Wednesday, November 11, 2020
How Trump won over Latino voters in the Rio Grande Valley
While Joe Biden was competitive in Texas, President Trump was able to win over the heavily Latino, reliably Democratic counties in the Rio Grande Valley along the border, helping him carry the state.
"The bluest of blue counties along the river, Zapata County, flipped to President Trump, who won 52.5 percent of the vote. It was the first time since Reconstruction that a Republican presidential candidate won Zapata County," Arelis Hernandez and Brittney Martin report for The Washington Post. That may seem odd to outsiders who may see voters as Latinos first and rural residents second, but rural conservatism is nothing new, said University of Texas-San Antonio political scientist Sharon Navarro.
The difference, she says, is that this year Republicans did the work to court these voters and tailor their message about the election around the economy and jobs. Republicans won those Rio Grande counties by "taking advantage of the habitual underinvestment and lack of infrastructure there, as well as neglect from the state and national Democratic parties," the Post reports. "The shift extended through the more than 1,200-mile border, from the populous lower delta of Brownsville and McAllen to the sparse ranchland near Laredo and the high desert of El Paso."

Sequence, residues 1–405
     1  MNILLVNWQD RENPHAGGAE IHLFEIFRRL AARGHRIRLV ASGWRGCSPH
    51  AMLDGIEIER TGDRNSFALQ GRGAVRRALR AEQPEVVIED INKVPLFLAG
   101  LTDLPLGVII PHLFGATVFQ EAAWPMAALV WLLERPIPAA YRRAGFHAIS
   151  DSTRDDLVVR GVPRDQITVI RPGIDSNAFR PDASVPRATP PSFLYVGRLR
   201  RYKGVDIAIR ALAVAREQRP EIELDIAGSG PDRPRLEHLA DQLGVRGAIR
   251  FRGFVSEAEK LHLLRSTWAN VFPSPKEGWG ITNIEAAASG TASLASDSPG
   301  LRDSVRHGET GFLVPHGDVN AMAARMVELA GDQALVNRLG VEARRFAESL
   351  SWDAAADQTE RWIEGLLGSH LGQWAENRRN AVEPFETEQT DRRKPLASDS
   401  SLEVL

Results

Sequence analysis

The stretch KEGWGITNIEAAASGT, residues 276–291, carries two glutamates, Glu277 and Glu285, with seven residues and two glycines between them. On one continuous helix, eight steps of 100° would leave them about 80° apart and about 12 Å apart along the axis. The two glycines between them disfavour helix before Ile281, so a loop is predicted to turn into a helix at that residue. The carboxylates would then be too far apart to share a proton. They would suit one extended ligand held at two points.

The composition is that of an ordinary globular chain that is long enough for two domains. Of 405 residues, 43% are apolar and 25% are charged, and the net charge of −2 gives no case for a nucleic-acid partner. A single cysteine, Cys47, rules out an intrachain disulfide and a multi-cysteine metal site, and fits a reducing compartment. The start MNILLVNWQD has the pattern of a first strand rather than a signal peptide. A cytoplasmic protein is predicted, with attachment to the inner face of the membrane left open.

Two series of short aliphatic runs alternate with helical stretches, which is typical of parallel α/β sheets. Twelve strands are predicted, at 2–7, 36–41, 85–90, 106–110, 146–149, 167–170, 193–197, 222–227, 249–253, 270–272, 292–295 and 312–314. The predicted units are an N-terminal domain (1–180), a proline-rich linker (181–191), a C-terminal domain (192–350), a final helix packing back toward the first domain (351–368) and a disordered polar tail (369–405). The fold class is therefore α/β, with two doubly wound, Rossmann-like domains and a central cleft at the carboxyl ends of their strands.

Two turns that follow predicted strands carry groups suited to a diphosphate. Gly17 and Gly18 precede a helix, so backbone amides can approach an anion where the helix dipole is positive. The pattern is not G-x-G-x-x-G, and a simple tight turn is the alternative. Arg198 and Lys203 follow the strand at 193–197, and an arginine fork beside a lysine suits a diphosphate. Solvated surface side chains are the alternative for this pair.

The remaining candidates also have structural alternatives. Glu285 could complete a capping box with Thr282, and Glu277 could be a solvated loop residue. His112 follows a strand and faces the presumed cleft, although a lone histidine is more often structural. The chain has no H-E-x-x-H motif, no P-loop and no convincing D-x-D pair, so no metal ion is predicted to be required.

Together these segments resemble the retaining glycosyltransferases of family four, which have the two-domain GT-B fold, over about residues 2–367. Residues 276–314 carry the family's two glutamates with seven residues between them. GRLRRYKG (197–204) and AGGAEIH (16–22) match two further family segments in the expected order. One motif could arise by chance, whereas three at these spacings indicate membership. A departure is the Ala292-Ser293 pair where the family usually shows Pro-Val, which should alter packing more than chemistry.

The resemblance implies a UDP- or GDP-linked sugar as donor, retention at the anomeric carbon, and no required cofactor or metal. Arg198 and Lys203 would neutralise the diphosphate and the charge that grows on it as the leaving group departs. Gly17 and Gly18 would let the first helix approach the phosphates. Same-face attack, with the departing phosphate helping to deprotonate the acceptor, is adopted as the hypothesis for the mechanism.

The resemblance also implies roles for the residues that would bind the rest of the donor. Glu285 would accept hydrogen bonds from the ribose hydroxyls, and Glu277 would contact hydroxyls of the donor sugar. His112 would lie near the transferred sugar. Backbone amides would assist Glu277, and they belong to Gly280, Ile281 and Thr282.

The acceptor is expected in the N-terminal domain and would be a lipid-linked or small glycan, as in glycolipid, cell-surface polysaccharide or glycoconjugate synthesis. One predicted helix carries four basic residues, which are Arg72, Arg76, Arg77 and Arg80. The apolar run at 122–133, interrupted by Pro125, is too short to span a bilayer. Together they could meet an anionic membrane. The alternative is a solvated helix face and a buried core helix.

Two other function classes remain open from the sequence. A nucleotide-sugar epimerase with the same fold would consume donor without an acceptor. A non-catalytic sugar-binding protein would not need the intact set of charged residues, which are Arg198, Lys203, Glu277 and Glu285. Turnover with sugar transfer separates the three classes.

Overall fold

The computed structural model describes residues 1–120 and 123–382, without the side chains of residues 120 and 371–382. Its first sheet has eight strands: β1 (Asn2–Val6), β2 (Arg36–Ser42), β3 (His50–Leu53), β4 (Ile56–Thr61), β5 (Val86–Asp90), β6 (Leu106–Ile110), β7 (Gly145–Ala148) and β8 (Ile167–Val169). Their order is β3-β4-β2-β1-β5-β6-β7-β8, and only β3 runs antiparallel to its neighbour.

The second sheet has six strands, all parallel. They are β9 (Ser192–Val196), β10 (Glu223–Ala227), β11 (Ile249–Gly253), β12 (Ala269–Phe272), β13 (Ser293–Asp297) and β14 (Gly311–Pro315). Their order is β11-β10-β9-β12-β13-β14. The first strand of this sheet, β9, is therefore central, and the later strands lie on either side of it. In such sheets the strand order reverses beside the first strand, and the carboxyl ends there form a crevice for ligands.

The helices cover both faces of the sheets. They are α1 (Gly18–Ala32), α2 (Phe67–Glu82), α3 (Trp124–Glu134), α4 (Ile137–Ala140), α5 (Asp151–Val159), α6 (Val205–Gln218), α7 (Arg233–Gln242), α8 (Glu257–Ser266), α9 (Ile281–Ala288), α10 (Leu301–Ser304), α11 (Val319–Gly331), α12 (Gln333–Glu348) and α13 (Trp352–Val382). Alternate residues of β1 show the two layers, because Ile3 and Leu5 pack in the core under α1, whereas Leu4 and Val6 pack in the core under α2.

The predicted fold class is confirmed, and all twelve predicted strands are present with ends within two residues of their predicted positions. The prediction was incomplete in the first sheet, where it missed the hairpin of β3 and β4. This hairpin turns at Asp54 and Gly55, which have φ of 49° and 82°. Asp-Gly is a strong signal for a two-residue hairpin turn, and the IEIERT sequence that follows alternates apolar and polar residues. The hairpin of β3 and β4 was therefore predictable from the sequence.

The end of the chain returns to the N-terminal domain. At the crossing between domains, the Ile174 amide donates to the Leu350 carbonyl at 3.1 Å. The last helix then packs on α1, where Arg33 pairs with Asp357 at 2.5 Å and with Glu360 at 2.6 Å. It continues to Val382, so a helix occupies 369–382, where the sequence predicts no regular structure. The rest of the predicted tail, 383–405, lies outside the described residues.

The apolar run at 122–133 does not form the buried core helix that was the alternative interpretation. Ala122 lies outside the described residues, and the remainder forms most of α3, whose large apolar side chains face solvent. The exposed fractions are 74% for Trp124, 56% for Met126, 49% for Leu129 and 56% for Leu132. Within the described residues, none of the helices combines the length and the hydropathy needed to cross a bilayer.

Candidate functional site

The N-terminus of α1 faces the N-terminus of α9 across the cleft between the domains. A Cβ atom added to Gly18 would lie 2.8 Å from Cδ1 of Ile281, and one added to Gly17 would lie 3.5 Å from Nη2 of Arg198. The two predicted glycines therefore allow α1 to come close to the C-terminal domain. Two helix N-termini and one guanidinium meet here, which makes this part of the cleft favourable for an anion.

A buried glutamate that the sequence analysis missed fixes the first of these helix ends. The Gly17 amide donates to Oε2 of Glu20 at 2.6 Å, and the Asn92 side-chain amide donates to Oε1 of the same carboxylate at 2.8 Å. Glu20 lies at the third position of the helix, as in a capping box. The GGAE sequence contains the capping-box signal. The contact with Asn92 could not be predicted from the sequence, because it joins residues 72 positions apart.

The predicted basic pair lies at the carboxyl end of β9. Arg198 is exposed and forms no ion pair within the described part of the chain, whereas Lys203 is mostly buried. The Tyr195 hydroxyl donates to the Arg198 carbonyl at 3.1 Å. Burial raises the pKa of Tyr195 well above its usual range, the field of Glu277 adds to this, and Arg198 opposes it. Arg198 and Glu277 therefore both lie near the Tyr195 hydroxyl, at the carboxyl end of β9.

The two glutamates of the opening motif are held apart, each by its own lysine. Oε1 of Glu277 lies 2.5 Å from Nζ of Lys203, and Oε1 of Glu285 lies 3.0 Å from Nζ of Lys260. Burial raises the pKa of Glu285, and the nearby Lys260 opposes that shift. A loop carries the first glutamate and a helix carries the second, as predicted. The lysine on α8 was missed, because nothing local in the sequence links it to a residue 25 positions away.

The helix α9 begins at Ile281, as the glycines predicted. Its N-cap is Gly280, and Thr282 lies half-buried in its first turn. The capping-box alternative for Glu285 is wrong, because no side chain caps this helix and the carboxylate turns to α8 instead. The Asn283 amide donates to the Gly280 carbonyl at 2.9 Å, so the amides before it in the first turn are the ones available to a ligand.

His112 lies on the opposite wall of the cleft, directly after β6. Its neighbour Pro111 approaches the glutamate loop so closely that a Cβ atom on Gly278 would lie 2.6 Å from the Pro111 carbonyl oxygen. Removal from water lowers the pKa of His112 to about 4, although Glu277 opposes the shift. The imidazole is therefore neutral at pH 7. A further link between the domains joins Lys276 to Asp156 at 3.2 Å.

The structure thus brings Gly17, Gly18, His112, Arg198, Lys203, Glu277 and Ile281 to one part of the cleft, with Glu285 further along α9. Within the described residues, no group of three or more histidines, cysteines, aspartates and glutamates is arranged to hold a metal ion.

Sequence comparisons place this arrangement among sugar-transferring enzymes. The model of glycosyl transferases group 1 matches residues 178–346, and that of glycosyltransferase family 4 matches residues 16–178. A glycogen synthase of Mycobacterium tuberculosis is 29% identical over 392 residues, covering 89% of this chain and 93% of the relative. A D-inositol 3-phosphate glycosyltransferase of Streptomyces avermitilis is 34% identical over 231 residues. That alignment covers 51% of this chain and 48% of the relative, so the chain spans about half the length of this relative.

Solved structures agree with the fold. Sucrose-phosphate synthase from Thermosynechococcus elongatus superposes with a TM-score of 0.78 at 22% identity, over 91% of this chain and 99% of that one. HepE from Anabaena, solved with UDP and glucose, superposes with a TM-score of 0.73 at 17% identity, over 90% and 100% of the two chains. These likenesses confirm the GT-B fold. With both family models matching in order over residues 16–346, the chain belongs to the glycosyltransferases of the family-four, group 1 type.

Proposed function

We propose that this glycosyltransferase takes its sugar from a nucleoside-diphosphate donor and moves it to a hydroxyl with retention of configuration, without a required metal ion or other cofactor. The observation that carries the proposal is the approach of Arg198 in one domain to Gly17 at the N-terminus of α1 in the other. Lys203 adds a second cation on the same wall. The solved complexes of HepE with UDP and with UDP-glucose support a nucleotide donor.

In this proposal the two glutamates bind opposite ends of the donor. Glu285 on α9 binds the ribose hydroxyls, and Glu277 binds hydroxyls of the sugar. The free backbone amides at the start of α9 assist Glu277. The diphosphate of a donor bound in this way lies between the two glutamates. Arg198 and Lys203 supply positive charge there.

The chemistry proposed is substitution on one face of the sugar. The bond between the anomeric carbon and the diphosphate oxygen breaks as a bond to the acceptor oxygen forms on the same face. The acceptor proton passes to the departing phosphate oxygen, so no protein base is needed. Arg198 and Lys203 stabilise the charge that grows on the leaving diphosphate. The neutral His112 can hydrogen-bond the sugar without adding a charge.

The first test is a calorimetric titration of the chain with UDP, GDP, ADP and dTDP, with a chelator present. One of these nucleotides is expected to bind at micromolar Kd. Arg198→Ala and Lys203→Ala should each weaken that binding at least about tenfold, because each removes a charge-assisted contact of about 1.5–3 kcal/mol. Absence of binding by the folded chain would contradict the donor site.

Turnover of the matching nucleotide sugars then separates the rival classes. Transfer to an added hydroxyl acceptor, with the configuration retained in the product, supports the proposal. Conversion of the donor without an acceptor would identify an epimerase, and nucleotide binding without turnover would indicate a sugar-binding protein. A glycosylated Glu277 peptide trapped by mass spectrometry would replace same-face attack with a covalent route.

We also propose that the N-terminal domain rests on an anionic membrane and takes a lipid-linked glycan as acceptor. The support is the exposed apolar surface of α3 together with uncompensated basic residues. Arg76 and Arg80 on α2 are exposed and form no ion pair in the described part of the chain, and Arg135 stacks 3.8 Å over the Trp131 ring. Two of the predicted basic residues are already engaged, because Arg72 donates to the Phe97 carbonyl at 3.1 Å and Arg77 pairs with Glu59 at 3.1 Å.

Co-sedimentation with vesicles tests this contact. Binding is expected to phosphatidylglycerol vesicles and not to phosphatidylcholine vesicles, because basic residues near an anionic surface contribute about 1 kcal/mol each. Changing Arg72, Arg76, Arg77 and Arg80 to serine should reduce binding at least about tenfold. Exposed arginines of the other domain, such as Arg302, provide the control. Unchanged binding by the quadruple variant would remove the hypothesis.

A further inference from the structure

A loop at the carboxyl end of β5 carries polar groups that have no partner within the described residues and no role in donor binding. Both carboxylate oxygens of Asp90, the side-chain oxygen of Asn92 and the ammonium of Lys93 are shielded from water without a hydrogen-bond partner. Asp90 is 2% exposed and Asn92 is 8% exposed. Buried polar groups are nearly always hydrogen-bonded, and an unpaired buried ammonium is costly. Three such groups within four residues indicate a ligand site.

Biden won most of the valley counties, but by much smaller margins than Hillary Clinton did in 2016. "The story of Trump’s performance and Biden’s backslide along the Texas border, experts say, shows the importance of cultivating deeper relationships with a diverse Latino population that continues to claim a growing and dominant share of the Texas electorate," Hernandez and Martin write.
Courting the Latino vote, especially in Texas, is more important than ever. Latinos make up about 40% of the Texas population and about 30% of its voters, and that number is rising. Each year, more than 203,000 Latinos come of voting age in Texas, Rogelio Saenz, a UT-San Antonio demographer, told the Post, which reports: "While White migration to the state has slowed, Saenz said, there has been a significant increase in Latinos and African Americans moving to Texas in recent years."